AAP’s ideological dilemma and tryst with tricolour nationalism

With ₹45 crore for 500 huge flags in Delhi, Kejriwal is trying to nibble at BJP’s ultra nationalistic games

Being the ruling party of Delhi presents itself with a unique set of problems. A Delhi government is basically a permanent lame-duck, unable to push through its agenda, with law and order with the Centre, a Lt Governor placed atop the government as super CM and whose only job is to scuttle the ambitions of the ruling party ruling Delhi.

It is a really frustrating job and Chief Minister Arvind Kejriwal and his Aam Aadmi Party (AAP) have reconciled to this situation.

So a government in Delhi has to be content with the education and health portfolios while right under its nose the central government has planned to reshape or rebuild  the Ground Zero of the city – Rajpath, Vijaypath and Janpath with a grandiose ₹20,000 crore vanity project – with nay a consultation with the state government. So while AAP was digging under the Delhi ground for Metro and underpasses, the BJP decided to  sit atop it with new pink stone buildings announcing its capture of the capital by redoing  the entire New Delhi municipal area.

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Used to its powers being constantly usurped or pushed back or admonished by the Lt Governor, AAP has settled down in Delhi having accepted its fate but with an eye on neighbouring states. Its unexpected win in Surat municipality elections has given the party some new ideas, even though Punjab has not warmed up to the AAP idea despite various attempts, the support to the farmers agitation being the latest.

But the problem with this post-ideology party is which way to move: towards the Right or Left or squat in the Centre of the political space with occasional forays this way and that? It is a part of this confusion that prompts the party to take positions that are sometimes from the BJP copybook or sometimes from the texts of people’s struggle.

So Chief Minister Kejriwal has  stood with the Punjab and Haryana farmers raising his fists against the Modi government. A week later, the party takes a leaf out of the ultra nationalistic narrative of the BJP by setting apart ₹45 crore in its budget on March 9 to plant 500 national flags across Delhi.

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This move is not as simple or  decorative as it seems to be. The AAP’s constant worry has been to keep the Hindu middle and trading classes in Delhi happy. This segment has supported the party in the last three elections. The party has successfully moulded the minorities and the majorities to vote for them. So full time revolution or anti-Modi rhetoric is not an option for Kejriwal and he has stayed away from it for the last year or so.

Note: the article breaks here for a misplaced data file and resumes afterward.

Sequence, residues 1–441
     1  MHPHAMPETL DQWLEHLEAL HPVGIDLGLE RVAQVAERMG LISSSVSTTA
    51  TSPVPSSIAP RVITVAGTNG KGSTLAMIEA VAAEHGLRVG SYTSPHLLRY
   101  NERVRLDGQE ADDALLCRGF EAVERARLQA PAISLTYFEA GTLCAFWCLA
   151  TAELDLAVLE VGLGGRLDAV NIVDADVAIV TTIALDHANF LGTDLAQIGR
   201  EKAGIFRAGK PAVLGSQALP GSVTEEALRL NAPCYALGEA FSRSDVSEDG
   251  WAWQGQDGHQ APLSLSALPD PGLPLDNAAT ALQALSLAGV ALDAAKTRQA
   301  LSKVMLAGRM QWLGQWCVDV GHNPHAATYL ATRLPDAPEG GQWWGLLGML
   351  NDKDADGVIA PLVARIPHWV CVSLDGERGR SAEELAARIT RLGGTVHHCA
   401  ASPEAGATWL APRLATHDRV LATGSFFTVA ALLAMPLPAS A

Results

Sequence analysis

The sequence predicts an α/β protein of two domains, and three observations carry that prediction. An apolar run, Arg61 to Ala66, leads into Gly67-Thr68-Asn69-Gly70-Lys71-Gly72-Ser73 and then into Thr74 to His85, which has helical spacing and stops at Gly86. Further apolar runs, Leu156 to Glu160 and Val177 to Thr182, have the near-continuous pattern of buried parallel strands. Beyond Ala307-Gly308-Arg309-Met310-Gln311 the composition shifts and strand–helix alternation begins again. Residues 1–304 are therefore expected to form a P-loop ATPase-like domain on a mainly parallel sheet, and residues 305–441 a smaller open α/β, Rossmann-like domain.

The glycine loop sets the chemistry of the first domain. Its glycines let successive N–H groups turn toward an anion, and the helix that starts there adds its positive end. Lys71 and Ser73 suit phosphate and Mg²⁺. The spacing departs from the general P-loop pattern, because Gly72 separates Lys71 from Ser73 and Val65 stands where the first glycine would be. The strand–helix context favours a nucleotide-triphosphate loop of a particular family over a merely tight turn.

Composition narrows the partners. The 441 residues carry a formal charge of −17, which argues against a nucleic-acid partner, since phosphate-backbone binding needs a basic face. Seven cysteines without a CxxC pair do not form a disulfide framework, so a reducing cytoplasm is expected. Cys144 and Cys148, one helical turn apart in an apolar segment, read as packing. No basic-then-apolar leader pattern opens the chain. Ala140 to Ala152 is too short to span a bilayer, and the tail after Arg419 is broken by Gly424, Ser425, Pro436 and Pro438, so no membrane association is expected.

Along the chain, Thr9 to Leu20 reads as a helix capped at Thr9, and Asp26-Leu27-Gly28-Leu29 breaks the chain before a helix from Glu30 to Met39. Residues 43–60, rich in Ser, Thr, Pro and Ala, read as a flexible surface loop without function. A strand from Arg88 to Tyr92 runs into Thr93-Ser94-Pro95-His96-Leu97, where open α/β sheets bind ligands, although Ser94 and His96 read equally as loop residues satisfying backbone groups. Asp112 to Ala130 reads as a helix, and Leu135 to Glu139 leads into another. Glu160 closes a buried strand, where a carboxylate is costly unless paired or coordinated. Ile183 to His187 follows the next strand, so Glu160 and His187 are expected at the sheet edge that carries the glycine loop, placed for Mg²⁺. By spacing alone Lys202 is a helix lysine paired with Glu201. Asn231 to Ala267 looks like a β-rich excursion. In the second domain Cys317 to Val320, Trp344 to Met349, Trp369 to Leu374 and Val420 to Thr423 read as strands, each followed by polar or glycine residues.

Now what will the national flag do for AAP? While it may add some colour to the roadside, the fluttering symbols of nationalism may also serve to comfort the Delhi Hindu voters that Kejriwal has his mind in the right place though his feet sometimes wander.

The national flag as a giant symbol was first seen by Congress MP and industrialist Naveen Jindal who fought successfully for the right of every citizen to host the national flag and then promptly went ahead and put up the largest national flag in Connaught Place measuring 90 feet by 60 feet.

Not to be outdone in such games of nationalism, snatched from under its very nationalistic nose, the BJP moved fast and soon enough in March 2015, unfurled the largest national flag in Faridabad with none other than Amit Shah himself unfurling it in the presence of Ranbir Kapoor and the chief miister Manohar Lal Khattar. This one weighed 96 feet by 64 feet and so helped a BJP to appropriate back to itself the self-appointed label of protector and propagator of ultra nationalism. This event was also meant to tell AAP and other parties that nationalism is a BJP prerogative, though the national flag as a symbol which could be used politically was discovered by the Congress.

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Soon more large tricolours started appearing in various places in Delhi as if to reassert that the capital city actually belongs to India. The AAP’s plan is to drench the city in 500 tricolour flags as large as the Connaught Place flag if not more, thus to  beat the BJP in its own game of tricolour unfurling.

Meanwhile, the BJP seems to have opted out of this game, with a grander plan of changing the Parliament House itself, instead of indulging in the minor task of just changing the height of the nationalist flagpole or the flag’s dimensions.

So with the announcement of the tricolour scheme, now AAP is well and truly telling the BJP that they also have some (small) money to pour into the nationalistic cauldron. But the irony is that all this is happening while the basic tenets of democratic governance are being undone by the central government in not allowing farmers to protest in Delhi, where national flags are going to flutter in all its glory.

(The writer is a senior journalist based in New Delhi)

(The Federal seeks to present views and opinions from all sides of the spectrum. The information, ideas or opinions in the articles are of the author and do not necessarily reflect the views of The Federal)

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